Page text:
The Adventures of Black Jesus I


Blasphemy to worship the image of Black Jesus… or I  couldn’t find him… you decide!

He rolled into town on his rusted bike, pedaling alongside the passing cars that honked for him to get out of the way. Everyone knew to stay away from him, not because he’d ever done us wrong, but he was just unpredictable. His mind had been warped by something that none of us could understand. It made him particularly erratic and none of us wanted to deal with it.

He pulls up to the side of the store, setting his bike against the wall and rummaging through a coffee tin full of cigarette butts. He smokes them. Not cigarettes. He opts for the moldy remnants that someone else has enjoyed. A stranger had their disgusting lips on these wasted sticks of nicotine and poison and he rummages through the tin, which is half full of rancid rain water and picks out one that’s dry enough for him to enjoy. It’s relatively dry. He puts it in his out and acts as if he’s smoking, like a little kid would do with his crayons. He pulls a white Bic lighter out of his coat pocket. His coat is ratty, disgusting; I feel like if I touched him my fingers would never be clean. Unclean. Vile. Filthy, rancid death of the world. He lights up the gnarled cigarette remains. He takes little puffs, staring down the long straight-away that leads out of the plaza. I try to look in the same fashion, but I see nothing. He seems to stare with such a long, empty gaze. I can’t imagine what he sees, but for some morbid fascination in my mind I feel the need to understand. All I see is a long road, pavement, with grass lining its sides and trees that are parallel to each other on both sides.

He’s around six feet tall thin, although you can’t tell from his buttoned-up shirt and denim jacket with the cuffs folded. He does the same to his jean pants, folding them slightly above his ankles so you can see his white socks stained to a pale grey. He wears a brown winter cap. His cheeks are sunken and hollow, with freckles dotting erratically on his face. We nicknamed him ‘Black Jesus’, because he’s black and because whenever the automatic doors opened as he walked in he would raise his hands, as if saying ‘Hallelujah!’. He never spoke, except for the one time he said “Why would anyone wanna shit on angels?” in reference to a toilet seat with angels on the cover. He smelled terrible. Nobody wanted to get too close.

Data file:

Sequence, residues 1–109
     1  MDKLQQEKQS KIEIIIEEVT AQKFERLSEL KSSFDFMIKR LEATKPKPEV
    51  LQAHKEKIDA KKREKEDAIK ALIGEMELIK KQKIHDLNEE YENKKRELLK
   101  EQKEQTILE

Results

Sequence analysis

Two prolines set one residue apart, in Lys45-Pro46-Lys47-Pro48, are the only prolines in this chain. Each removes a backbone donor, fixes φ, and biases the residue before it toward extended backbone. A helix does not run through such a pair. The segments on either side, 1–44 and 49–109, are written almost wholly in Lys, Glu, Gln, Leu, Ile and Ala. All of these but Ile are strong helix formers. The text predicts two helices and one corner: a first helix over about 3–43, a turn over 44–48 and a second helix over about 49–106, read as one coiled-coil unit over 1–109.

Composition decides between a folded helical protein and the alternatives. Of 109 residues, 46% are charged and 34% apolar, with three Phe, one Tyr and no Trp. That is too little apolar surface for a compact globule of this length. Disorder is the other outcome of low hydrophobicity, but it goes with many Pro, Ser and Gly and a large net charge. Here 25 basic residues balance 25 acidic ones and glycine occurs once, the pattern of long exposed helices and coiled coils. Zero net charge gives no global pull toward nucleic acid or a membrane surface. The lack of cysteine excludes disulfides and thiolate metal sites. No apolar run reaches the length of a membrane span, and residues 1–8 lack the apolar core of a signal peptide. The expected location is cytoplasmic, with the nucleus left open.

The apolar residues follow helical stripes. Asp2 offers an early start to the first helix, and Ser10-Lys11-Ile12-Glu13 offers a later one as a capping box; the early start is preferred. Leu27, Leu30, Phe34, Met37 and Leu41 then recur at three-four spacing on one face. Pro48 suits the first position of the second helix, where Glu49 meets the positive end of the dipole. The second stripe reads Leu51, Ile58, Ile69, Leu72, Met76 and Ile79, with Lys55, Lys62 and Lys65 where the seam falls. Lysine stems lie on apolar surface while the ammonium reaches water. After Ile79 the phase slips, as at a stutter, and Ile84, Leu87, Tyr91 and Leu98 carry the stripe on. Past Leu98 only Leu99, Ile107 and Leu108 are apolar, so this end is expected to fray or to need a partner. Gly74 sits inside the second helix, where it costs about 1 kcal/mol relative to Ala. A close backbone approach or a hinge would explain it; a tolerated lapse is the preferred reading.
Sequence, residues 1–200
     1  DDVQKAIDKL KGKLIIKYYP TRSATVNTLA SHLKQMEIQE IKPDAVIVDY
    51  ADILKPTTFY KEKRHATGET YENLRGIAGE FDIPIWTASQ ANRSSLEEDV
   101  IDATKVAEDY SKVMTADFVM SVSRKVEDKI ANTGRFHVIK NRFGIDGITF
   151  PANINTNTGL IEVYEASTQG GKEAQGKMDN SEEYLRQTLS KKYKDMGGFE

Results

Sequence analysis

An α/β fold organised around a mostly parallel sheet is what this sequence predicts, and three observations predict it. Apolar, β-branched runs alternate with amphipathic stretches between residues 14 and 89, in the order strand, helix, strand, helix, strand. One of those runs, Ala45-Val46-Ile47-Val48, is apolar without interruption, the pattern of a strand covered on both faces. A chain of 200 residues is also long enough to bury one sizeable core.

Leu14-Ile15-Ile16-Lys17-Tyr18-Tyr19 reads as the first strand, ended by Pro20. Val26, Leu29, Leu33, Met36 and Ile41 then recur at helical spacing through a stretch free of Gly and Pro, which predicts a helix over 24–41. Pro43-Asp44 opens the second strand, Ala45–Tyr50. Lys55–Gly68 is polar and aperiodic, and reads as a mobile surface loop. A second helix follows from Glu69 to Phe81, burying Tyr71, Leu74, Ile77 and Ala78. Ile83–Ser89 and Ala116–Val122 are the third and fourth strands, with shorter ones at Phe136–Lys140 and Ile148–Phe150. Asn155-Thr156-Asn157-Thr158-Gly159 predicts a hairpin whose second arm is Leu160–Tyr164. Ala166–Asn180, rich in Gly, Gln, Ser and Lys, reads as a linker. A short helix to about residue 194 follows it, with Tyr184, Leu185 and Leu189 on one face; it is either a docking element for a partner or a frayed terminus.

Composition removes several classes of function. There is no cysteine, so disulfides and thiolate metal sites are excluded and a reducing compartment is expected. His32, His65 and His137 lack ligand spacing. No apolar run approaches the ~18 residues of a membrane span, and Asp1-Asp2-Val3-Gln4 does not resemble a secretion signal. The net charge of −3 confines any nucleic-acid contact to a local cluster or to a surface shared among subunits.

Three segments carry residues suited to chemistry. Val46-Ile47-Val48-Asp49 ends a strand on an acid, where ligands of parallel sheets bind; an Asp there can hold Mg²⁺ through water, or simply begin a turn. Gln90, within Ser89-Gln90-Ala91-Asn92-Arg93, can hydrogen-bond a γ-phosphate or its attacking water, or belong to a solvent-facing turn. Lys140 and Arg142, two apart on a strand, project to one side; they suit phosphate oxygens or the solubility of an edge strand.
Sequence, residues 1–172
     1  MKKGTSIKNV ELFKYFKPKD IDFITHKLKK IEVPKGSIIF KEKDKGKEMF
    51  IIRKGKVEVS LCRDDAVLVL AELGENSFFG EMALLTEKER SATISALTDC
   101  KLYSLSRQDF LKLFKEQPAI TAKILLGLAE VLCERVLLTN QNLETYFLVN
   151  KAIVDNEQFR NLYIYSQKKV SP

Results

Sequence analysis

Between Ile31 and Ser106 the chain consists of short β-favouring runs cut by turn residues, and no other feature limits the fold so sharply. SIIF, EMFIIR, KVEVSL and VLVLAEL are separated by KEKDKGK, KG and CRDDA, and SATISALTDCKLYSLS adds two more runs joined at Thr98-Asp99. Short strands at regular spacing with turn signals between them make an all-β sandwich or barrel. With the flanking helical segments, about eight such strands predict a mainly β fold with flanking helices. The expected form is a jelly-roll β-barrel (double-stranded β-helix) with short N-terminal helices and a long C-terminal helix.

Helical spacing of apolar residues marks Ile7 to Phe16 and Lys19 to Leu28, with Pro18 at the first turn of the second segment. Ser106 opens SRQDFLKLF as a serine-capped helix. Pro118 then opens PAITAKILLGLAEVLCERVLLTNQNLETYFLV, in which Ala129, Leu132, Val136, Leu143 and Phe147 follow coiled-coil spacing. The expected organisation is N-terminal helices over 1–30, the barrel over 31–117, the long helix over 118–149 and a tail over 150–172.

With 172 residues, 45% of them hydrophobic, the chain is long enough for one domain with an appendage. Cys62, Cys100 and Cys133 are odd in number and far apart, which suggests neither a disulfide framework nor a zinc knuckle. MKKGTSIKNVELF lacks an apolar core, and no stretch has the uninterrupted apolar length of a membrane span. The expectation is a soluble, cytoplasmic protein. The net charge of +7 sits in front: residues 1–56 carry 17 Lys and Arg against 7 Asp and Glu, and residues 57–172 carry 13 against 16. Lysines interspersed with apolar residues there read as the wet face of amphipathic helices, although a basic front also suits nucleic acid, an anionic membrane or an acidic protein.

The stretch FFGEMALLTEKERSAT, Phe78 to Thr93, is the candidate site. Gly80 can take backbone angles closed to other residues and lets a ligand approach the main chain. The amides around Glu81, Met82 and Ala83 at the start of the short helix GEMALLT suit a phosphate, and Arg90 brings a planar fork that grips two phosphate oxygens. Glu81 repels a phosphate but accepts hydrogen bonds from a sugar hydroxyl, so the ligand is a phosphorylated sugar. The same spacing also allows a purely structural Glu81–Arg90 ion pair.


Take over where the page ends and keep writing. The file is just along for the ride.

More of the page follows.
He’d come in every so often and for that time everyone braced themselves for anything. He never did much, except for talk. We couldn’t understand him. He formed sentences that didn’t fit and we would nod along. We did anything to get him out. Now, I wonder where he went. He’s gone forever and I couldn’t even find him to get a picture for this story. It’s as if the world swallowed him. He disappeared without a trace.I could never imagine the trouble he’d be getting himself into, riding his bike through an eternal nightmare without a mind that wants to help. All the fighting and struggle to end up sleeping behind a dumpster. Cold, alone, finding comfort in burned-out cigarette butts. For what does a man like that hope for? Something none of us could ever imagine. We speculate, but that’s nothing. I’m left with absolutely nothing. I have no idea who he really is. In the end, no matter how long I think about this, about seeing him and not, about where he’s gone. In the end, I have nothing.

Question of the Day: What is this country doing to care for the doomed?

The Ruins of Ashland Chemical


The Ruins of Ashland Chemical

For a moment, as I make my way down South Street, I have to marvel at the six foot tall chain link fence with white slats that follows the entire length of the road. Barbed wire lines the top of the fence to persuade anyone from trying to climb it, not that anyone would, as there’s nothing inside except an abandoned industrial complex. A relic of the old ways once stood behind this fence, until the Ancients tore it down. Ashland Chemical. Their ruins stood behind the barbed wire, chain link, white slats, until they renovated and left us behind. Now, we’re left with just a fence, just some cracked pavement and iron-wrought tubs built into the ground. The concrete remains, but has been warped and broken by years of neglect.